Definitely. I always tell a story about this one girl—from the time I started the label it’s been the same character and everything she's going through. But I would be lying if I said I wasn't living out my fantasy through her. I want to move back to Miami so badly. So, when I started designing this collection it all started with a story about the character being swept off her feet at the strip club she was working at by this crime lord from Miami. He flies her back to his compound where she lives just lives her life. She’s this fabulous rich woman now.


So, was this the same girl that was the stripper in Vegas from your last collection?


Exactly. So, he's goes there and finds her and takes her back to Miami.


Did you come up with that story before you listened to “Chun-Li” that day? Or vice versa?


So, I'm originally from Miami and my husband has been pushing me to move back there for the last three years. I feel like I'm finally coming around to the idea. And then Cardi B’s album came out with “I Like It” on it, which is just so reminiscent of my childhood, walking down Ocean Drive and hearing cars blasting reggaeton. So, it just all kind of came together in this moment where the girl goes to Miami.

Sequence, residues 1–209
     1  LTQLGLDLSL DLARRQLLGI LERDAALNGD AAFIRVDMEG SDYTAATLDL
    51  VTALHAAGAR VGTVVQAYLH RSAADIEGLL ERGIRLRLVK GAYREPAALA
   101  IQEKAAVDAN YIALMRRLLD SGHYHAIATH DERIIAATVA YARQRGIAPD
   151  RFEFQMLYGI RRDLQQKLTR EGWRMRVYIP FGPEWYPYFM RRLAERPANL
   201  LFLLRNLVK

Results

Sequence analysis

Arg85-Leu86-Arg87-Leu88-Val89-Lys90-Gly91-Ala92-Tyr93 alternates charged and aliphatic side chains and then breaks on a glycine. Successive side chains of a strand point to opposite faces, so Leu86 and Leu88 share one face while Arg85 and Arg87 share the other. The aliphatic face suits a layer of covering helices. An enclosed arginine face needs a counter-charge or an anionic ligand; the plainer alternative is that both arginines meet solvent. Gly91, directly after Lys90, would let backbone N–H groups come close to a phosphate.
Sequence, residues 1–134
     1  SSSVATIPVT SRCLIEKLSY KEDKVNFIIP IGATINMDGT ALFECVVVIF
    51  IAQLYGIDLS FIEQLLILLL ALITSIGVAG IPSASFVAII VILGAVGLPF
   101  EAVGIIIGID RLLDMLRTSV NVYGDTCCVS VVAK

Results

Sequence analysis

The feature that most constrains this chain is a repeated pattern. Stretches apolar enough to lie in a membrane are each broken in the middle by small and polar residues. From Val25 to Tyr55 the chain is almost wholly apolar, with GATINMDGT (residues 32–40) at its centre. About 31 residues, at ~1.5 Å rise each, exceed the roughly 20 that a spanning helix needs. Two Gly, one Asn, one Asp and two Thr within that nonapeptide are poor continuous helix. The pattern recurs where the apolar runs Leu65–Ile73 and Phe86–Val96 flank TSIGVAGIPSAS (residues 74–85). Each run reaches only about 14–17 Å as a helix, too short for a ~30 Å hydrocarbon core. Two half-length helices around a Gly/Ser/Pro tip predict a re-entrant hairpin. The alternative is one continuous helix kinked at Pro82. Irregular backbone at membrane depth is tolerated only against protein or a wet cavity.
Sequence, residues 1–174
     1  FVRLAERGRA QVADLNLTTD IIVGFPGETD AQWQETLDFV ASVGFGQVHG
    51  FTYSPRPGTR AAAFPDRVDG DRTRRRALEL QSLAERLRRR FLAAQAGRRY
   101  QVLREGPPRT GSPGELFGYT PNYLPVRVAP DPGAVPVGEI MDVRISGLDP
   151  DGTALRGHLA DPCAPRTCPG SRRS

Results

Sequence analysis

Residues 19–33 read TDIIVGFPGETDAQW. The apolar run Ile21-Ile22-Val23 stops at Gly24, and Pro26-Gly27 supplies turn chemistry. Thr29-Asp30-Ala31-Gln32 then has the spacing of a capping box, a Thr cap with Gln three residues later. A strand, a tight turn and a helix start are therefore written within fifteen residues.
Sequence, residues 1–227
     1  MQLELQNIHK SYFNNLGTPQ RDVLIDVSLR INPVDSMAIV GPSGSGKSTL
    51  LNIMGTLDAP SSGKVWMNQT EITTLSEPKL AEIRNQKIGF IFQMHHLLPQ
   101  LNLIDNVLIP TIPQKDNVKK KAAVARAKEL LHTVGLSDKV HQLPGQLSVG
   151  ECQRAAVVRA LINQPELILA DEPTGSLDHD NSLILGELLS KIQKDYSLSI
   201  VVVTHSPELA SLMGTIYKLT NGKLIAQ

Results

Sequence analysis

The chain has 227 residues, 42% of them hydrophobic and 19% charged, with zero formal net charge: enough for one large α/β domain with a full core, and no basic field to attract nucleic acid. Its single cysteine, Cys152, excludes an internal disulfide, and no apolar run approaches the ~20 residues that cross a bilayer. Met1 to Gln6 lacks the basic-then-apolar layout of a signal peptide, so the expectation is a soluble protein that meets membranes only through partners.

Does this girl have a name?


I don't think she has a name, actually—I’ve never really thought about it. But I think I'm gonna kill her off next season.


What? No way!


I know! Juicy insider scoop. I mean, I’m still thinking about it, but it's been the same girl and the same story for three years now, and I feel like the story itself was really helping me personally work through being an independent solo designer for the first time and finding my voice. Like, I kind of gave myself this character to help guide me—it just felt like I had a clearer direction when there was a functional person involved, and I feel like I've worked through all of my own things with that character. But now that I've found my own voice, I’m feeling confident in what I’m doing and like I almost don't need her anymore. Now, I can just go forward with exactly what it is I want to do.

 

 

Video directed by Robbie Sokolowsky at TriBeCa Journal Studios. Photos by Amy Lombard, Hair by Sean Bennett, Makeup by Andrew Colvin, Nails by Eichi Matsunaga, Set by Kristian Kirk; courtesy of the designer. Music recorded and produced by Faysal Matin.